29 years ago today

It was 29 years ago today that my brother, Gregory, died in the hospital. He was 11 days old. He had been born prematurely and in 1977, this was a much more serious condition than it is today–it goes to show you how far medicine and technology has come in three decades.

I remember that we happened to be at the hospital on the day that he died. I was 5-1/2 years old at the time and didn’t really understand too well what was going on, except for the fact that the people around me were very sad. My Grandpa and Grandma were also at the hospital on that day. I remember sitting in a waiting room, high up above the city. It was my Grandpa who came up to me to tell me that Gregory had died. He put me up in the window and told me. I knew that people were supposed to cry when other people died, so I cried. My Grandpa told me to cut it out. (He wasn’t the most emotional person back then…)

Memories can be strange, and as uncontrollable and random and the flight of dragonflies. What I remember most from that day, was the fact that I was introduced, for the first time, to a white board and dry-erase markers. They had them in the waiting room, presumably for kids to play with.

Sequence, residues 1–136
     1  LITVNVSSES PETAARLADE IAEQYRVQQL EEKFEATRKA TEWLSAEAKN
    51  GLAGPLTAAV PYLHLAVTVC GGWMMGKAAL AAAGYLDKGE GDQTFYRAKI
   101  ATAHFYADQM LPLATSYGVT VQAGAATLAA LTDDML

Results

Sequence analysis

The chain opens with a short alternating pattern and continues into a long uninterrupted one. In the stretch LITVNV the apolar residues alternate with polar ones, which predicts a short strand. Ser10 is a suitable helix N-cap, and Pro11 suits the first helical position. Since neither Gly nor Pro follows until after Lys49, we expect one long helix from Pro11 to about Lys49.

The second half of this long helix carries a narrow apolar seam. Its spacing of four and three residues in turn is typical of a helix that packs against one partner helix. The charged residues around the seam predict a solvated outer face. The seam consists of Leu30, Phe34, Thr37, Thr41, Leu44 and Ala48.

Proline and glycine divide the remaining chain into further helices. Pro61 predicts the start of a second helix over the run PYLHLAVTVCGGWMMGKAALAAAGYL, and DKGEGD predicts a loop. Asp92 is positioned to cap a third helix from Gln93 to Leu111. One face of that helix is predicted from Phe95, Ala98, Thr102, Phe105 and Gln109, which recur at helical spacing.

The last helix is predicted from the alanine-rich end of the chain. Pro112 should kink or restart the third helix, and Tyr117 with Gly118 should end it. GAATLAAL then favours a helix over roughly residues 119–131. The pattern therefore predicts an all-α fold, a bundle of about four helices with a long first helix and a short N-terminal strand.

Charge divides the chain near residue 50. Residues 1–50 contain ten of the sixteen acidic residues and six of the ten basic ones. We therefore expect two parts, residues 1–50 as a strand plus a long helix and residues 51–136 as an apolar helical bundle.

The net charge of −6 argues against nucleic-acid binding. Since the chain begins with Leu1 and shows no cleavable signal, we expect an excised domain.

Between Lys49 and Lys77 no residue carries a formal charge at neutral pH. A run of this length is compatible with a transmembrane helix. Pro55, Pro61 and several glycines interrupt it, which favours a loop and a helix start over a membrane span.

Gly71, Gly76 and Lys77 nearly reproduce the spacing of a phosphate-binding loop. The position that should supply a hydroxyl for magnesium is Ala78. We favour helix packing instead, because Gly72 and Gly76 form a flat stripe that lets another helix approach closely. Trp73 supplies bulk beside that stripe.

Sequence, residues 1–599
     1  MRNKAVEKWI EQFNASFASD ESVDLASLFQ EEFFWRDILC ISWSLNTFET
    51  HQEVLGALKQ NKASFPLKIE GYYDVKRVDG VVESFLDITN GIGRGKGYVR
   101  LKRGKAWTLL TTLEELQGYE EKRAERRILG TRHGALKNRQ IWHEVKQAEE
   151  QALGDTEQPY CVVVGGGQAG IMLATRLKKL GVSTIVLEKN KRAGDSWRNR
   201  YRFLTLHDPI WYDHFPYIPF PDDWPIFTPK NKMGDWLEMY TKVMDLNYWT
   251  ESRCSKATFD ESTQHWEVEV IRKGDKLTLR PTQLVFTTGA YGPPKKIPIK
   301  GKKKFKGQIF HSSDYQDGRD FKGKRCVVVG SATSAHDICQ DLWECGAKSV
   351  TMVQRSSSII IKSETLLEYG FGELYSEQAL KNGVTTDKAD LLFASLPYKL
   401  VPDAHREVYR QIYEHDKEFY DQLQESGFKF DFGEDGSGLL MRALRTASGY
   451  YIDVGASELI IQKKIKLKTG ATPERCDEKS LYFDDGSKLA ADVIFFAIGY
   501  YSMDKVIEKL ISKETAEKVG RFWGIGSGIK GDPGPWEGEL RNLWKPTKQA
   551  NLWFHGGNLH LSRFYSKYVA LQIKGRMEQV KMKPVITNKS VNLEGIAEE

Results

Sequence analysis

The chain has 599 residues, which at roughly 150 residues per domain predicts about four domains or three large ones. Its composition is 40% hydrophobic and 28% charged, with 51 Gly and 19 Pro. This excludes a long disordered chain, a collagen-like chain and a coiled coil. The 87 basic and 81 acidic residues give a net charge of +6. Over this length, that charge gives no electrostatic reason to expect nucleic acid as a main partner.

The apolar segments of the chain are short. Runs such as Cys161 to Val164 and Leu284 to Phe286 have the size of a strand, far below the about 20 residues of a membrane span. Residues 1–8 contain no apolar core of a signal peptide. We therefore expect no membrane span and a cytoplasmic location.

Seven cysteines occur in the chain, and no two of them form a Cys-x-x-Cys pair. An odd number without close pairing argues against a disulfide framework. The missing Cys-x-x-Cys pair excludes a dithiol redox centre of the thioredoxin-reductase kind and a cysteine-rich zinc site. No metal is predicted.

There was a funeral some days later. I recall being there, standing graveside, but I recall no other details about it.

Four years later, in 1981, I recall coming home from school one day. No one was home yet and that was not unusual. For some reason, I was thinking about Gregory, and in the kitchen, upstairs, I sat down on the floor and cried for several minutes. It was the only time since the day he died that I did that. And I haven’t done it since.

But I always remember the day, September 4, 1977. My diary entry from ten years ago, September 4, 1996 begins with, “It was 19 years ago today that Gregory died…” It seems strange now to think that I might have had another brother, younger than Doug but older than Jen. It is even stranger to think that more than a generation has passed since that day in the hospital waiting room.

I’ve said before that people live on in the memories of other people. I don’t have very many memories of Gregory Matthew Rubin, and the ones that I do have are a little bit scary. But I have always told myself that if I ever had boys of my own, the first would be named Greg and the second would be named Matt. (And if there was a third, well, naturally, he would be named Paul.)


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